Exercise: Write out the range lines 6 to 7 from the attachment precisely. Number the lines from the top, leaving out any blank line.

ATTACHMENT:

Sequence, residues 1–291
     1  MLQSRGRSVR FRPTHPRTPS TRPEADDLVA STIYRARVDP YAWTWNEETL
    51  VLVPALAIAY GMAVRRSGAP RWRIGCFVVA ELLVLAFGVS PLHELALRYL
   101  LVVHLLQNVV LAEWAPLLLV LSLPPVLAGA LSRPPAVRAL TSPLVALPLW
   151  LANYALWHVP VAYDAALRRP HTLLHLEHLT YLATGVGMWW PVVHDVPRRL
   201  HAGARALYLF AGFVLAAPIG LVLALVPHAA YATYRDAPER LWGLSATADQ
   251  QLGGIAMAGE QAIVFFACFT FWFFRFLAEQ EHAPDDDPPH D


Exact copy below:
   201  HAGARALYLF AGFVLAAPIG LVLALVPHAA YATYRDAPER LWGLSATADQ
   251  QLGGIAMAGE QAIVFFACFT FWFFRFLAEQ EHAPDDDPPH D